Not-quite-13-year-old Lulu uncovers family secrets as she struggles to compensate for—and cover up—her beloved grandmother’s mental decline.
With parents who are often (understandably) emotionally unavailable, Lulu is grateful for the constant love and support of her paternal grandmother. But Gram is beginning to be forgetful in frightening ways. Lulu hopes that her own extraordinary memory will help her to figure out how to reverse her grandmother’s decline. Despite the serious subject matter, Lulu’s first-person narration is light and conversational. Each chapter opens with the description of a different part of the human brain, helping to foreshadow the plot’s twists and turns. Over the course of several days and with help from friends Max and Olivia, Lulu attempts to figure out why her allegedly French grandmother has a journal written in Russian—and two different passports. Max and Olivia are convinced that espionage is involved. The subsequent investigation is engaging but not always believable, and Lulu’s insights occasionally make her seem older than her years. The eventual reveal of Gram’s hidden history does not, as Lulu hopes, precipitate a miraculous cure, but it does serve to bring the family closer together. Lulu, her family, and Olivia present white; Max is presumably Latinx (he has a Spanish surname and “speaks Spanish fluently”).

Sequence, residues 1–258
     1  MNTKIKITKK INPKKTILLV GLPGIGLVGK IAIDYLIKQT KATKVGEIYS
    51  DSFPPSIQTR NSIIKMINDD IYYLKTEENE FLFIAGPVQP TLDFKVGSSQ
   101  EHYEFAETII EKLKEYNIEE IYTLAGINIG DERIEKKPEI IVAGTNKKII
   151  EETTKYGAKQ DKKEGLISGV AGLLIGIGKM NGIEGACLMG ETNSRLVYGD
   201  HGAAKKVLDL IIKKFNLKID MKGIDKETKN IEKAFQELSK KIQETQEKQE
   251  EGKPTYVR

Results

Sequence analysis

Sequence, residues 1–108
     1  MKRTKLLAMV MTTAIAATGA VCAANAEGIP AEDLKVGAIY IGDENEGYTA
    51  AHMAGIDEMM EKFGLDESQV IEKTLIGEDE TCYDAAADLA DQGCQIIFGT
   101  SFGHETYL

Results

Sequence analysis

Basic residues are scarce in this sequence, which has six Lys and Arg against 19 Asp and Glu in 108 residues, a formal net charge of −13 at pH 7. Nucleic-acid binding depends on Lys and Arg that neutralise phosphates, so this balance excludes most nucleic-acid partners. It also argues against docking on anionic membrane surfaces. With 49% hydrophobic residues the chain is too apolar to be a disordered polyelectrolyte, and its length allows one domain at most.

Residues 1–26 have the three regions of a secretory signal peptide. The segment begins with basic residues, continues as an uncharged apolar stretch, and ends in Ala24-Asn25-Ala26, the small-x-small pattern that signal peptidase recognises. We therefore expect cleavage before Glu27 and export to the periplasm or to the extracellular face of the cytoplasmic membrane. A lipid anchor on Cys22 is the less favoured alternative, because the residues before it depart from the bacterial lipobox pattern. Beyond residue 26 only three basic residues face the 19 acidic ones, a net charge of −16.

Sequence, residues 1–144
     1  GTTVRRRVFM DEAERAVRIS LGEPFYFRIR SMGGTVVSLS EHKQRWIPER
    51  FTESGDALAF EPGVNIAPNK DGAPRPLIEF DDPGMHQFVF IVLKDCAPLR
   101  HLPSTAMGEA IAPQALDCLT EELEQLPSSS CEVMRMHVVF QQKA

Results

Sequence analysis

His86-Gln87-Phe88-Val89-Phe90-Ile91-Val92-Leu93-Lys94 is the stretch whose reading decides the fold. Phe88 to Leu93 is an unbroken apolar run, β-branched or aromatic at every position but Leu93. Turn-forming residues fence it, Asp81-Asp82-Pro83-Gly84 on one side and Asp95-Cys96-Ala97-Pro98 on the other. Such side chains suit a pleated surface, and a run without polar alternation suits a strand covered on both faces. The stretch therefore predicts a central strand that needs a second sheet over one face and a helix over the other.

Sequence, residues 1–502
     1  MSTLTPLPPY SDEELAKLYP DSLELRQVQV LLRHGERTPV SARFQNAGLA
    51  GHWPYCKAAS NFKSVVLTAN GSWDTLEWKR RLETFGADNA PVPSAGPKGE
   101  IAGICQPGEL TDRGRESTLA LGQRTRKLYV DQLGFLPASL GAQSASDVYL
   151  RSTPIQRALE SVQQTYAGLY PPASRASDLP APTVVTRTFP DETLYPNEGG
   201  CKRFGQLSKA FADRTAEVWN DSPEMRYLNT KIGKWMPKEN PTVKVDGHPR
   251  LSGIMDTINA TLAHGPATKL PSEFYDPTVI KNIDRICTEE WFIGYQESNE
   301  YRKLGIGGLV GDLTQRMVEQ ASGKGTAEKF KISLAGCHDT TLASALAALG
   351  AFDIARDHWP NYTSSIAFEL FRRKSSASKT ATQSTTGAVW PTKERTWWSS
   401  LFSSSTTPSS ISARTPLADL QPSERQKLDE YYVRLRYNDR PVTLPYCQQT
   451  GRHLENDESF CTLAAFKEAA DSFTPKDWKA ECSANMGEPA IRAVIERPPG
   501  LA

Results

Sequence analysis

There’s so much going on readers might find it hard to get to know Camiccia’s appealing characters. (Fiction. 9-12)